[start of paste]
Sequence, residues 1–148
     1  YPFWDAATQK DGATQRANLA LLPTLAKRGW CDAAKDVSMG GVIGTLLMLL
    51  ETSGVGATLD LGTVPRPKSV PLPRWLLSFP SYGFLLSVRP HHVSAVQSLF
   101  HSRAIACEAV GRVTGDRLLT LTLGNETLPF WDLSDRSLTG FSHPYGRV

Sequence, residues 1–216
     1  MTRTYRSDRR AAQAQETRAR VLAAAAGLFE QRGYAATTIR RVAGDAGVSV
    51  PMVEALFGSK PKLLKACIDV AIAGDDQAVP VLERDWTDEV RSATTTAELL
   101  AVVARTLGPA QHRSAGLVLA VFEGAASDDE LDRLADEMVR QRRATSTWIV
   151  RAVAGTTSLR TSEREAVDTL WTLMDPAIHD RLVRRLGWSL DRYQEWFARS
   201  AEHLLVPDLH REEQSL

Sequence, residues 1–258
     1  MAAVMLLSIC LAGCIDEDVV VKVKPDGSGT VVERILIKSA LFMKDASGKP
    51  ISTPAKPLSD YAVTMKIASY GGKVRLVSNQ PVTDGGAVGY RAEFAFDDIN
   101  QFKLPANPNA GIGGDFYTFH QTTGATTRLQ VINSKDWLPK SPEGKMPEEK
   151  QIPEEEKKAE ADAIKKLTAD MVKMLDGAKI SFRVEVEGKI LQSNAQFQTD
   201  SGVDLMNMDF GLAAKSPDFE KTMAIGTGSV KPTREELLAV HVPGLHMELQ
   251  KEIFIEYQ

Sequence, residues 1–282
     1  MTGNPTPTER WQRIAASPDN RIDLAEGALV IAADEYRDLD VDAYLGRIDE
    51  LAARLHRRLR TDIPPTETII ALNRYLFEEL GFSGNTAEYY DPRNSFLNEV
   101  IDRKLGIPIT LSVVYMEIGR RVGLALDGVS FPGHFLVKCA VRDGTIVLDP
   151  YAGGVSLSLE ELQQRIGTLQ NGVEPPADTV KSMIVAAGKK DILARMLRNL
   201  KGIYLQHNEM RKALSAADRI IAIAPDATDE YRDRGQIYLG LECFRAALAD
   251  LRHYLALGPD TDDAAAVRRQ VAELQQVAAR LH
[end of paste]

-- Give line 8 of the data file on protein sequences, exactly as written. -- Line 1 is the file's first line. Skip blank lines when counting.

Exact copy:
   101  AVVARTLGPA QHRSAGLVLA VFEGAASDDE LDRLADEMVR QRRATSTWIV